A Resource for the Protected Areas Database of the United States (PAD-US)

Data Structure & Attributes


For GIS users, understanding the technical structure of PAD-US is crucial to effective work. Here are some key elements to understand.


Geodatabase Structure

PAD-US is developed as an Esri Geodatabase with six feature classes of boundaries:

  • ‘Fee’ – Lands owned outright by agencies and organizations.
  • ‘Easements’ – Lands with conservation or open space easements, held over private lands and public lands (easements sometimes exist over public fee lands) – this data comes directly into PAD-US from the National Conservation Easement Database (NCED)
  • ‘Designations’ – A wide range of areas such as Wilderness Areas, National Monuments, Areas of Critical Environmental Concern, or Wild & Scenic Rivers. These do not represent ownership and often have been defined with different geometry than the ownership they overlay (especially Wilderness Areas). Several designations may overlay one another. ‘Designations’ are usually defined by Federal legislative actions which sometimes include specific maps of boundaries drawn through political processes – often with little or no reference to actual ownership boundaries. In addition, some State managed areas (Wildlife Management Areas, State Parks) may overlap fee owned Federal lands.
  • ‘Marine’ – The National Oceanic and Atmospheric Administration (NOAA) contributes the boundaries of all Marine Protected Areas (MPA) from their MPA Inventory into PAD-US, which also contain State designations. Many Federal and State areas will be represented as Parks or Refuges in the ‘Fee’ feature class, as well as MPAs in the Marine feature class (MPA is another designation applied to the same unit). The Bureau of Ocean Energy Management (BOEM) also provides Federally managed Outer Continental Shelf lands that can be available for natural resource extraction. Many legitimate overlaps exist between MPAs as protection may vary at the surface or substrate, or for different species or seasons. Overlaps also exist between BOEM and NOAA provided data, with MPAs on top in the layering order.
  • ‘Proclamations’ – Includes boundaries that provide context for protected areas, such as military lands (DOD). Most are suitable for illustration only as an outline, or exterior extent, as ownership within is not defined. NPS or USFS ‘Proclamation’ boundaries and FWS Approved Acquisition boundaries describe where each agency has authority to acquire lands, as voluntary opportunities arise. These boundaries may be somewhat or even vastly larger than actual agency fee ownership or easement interest. In addition, FWS Approved Acquisition boundaries may include significant limits for acquisition (for example, only 2,000 acres may be acquired within one of the largest mid-western boundaries). ‘Proclamation’ and approved acquisition boundaries do NOT portray Federal ownership and often encompass private lands.
  • ‘Combined’ – ‘Fee’, ‘Designation’, and ‘Easement’ data combined into one feature class, and loaded in that order – this is very powerful for analysis but effective use requires great understanding of the overlaps, largely within the ‘Designation’ layer or between ‘Fee’ and ‘Designation’.

Geodatabase illustration

When working with PAD-US Feature Classes, it is important to note that:

  • Feature classes can overlap by design, but also because boundary data are not perfectly aligned to political boundaries or are imprecise (this also leads to slivers).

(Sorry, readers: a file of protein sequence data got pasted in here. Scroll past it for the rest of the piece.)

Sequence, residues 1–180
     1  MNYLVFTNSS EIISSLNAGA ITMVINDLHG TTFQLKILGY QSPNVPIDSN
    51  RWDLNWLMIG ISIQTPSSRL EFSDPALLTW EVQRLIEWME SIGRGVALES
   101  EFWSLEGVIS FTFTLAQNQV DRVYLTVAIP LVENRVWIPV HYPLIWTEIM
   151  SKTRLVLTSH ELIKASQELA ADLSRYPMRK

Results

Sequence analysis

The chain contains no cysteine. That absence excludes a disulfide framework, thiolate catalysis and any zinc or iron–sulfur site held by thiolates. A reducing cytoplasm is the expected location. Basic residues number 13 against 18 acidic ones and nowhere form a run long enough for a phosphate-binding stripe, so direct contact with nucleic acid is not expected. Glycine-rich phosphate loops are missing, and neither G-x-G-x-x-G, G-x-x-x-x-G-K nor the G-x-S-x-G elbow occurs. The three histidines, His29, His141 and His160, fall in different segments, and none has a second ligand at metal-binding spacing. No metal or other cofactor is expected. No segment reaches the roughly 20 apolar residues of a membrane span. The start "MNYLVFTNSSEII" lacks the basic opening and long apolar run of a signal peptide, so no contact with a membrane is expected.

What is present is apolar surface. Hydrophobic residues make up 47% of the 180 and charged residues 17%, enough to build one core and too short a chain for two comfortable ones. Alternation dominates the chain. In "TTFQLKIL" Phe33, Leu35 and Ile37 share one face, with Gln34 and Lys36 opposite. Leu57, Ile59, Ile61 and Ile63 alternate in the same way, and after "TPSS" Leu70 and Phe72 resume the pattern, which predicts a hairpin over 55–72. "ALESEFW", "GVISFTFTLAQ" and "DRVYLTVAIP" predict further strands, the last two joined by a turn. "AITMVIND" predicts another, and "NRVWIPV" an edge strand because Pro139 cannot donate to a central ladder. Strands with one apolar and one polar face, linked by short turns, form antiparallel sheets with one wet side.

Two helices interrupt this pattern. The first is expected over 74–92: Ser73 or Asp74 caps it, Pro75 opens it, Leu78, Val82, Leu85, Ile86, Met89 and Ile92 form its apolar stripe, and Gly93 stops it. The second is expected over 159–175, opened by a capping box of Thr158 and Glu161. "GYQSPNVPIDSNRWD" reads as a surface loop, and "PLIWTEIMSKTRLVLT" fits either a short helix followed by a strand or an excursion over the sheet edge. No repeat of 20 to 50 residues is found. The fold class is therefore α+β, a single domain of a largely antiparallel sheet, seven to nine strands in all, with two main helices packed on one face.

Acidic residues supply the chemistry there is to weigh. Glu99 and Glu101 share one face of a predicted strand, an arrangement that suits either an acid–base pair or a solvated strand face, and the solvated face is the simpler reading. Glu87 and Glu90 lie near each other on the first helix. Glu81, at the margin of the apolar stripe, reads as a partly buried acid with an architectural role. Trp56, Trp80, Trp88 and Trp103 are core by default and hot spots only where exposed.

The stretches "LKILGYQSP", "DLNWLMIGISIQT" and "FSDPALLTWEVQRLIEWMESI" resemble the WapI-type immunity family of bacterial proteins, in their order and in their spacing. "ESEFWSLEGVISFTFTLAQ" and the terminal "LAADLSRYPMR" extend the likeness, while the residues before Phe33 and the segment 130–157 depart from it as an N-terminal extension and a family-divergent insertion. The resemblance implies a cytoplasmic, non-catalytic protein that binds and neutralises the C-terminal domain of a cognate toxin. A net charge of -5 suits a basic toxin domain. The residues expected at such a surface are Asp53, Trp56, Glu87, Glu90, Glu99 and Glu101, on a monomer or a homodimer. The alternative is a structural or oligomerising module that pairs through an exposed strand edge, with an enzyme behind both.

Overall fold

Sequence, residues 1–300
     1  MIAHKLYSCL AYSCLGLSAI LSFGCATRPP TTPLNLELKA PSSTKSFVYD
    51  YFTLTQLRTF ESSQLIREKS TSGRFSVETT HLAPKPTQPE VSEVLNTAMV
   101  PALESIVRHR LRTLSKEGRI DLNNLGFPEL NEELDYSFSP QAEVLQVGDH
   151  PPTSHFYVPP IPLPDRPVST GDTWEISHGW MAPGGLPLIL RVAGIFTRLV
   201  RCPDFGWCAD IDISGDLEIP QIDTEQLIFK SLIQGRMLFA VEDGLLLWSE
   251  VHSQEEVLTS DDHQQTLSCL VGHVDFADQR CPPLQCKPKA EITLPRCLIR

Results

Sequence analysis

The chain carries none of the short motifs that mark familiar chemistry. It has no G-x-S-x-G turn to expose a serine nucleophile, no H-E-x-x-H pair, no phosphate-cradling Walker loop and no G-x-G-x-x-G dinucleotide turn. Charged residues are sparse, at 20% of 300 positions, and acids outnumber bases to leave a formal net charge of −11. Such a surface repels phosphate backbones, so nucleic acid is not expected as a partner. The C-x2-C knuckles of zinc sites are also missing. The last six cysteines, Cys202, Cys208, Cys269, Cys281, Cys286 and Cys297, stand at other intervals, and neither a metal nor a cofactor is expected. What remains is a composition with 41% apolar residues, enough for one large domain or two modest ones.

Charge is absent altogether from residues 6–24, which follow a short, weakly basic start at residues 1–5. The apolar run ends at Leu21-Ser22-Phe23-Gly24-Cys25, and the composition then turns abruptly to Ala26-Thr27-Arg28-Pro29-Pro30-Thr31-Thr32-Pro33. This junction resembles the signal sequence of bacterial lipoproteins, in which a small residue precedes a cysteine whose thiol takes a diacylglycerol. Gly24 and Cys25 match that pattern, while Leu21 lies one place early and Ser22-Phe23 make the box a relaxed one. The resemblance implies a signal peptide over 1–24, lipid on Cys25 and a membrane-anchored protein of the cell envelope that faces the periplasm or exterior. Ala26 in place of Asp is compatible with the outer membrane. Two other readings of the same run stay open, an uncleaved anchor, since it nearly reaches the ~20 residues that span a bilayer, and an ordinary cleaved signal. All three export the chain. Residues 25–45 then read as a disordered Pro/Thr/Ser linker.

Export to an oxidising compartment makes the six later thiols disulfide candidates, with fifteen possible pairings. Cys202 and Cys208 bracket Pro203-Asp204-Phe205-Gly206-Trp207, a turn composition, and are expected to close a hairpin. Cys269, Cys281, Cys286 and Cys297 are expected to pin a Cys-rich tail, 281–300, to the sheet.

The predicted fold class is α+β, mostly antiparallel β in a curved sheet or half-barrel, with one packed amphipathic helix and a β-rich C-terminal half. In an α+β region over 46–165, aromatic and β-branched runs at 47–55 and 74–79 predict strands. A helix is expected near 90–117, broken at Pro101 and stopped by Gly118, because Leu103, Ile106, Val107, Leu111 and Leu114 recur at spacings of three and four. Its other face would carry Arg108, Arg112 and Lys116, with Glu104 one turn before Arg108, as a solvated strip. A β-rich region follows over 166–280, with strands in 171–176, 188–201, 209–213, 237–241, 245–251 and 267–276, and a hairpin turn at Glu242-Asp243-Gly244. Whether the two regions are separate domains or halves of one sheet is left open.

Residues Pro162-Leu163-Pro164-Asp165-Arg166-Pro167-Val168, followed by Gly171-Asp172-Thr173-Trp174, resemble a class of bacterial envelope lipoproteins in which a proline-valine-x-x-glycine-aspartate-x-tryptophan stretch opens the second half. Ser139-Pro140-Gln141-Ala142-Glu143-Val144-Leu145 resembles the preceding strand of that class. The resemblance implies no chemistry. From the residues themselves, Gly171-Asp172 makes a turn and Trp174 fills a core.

• When feature classes overlap by design (for example a Wild & Scenic River corridor running through a Wilderness Area), management policies may not be easy to ascertain and should be confirmed with managing agencies.
  • ‘Proclamation’ areas do not represent ownership. In the case of USFWS, USFS and NPS they define areas where Congress has provided authority to acquire lands (as voluntary opportunities arise). Google and other commercial mapping services often use them to show, for example, National Forest boundaries – this is misleading, as ‘Proclamation’ boundaries can include significant areas of privately-held lands.
  • Any use of PAD-US data for showing recreational lands must be careful to show only those lands that have fee ownership and designations that are appropriate to recreational use – the PAD-US ‘Access’ attribute is a key tool for these applications, defining what is Open, Restricted/Permitted, and Closed for public access. However, as with all PAD-US data, owning and managing agencies will have the most up to date and accurate information on particular sites.


Coordinate System

The PAD-US database is maintained in a projected Coordinate System:
USA Contiguous Albers Equal Area Conic USGS version (GCS North American 1983)


The horizontal datum requirement is:
Geographic Coordinate System: GCS_North_American_1983



PAD-US data is combined from many sources with varying accuracy, but in general should be reliably accurate at 1:24,000 scale. See the “State of PAD-US Data” graphic on the FGDC Federal Lands Workgroup website for more information.

Agreement on which ownership data to use to define the boundaries of protected areas is limited. While there is a general national goal of a nationwide parcel layer, we are far from this goal. Even in some States, Statewide parcel boundaries may not fully line up with individual county tax parcel agencies’ data – while others have more seamless, integrated parcel data. The same is true at the Federal level where some agencies may use boundaries based on the Public Land Survey System (PLSS) and others use different frameworks. Resolving these issues is a broader challenge being taken up by a workgroup in the Federal Geographic Data Committee.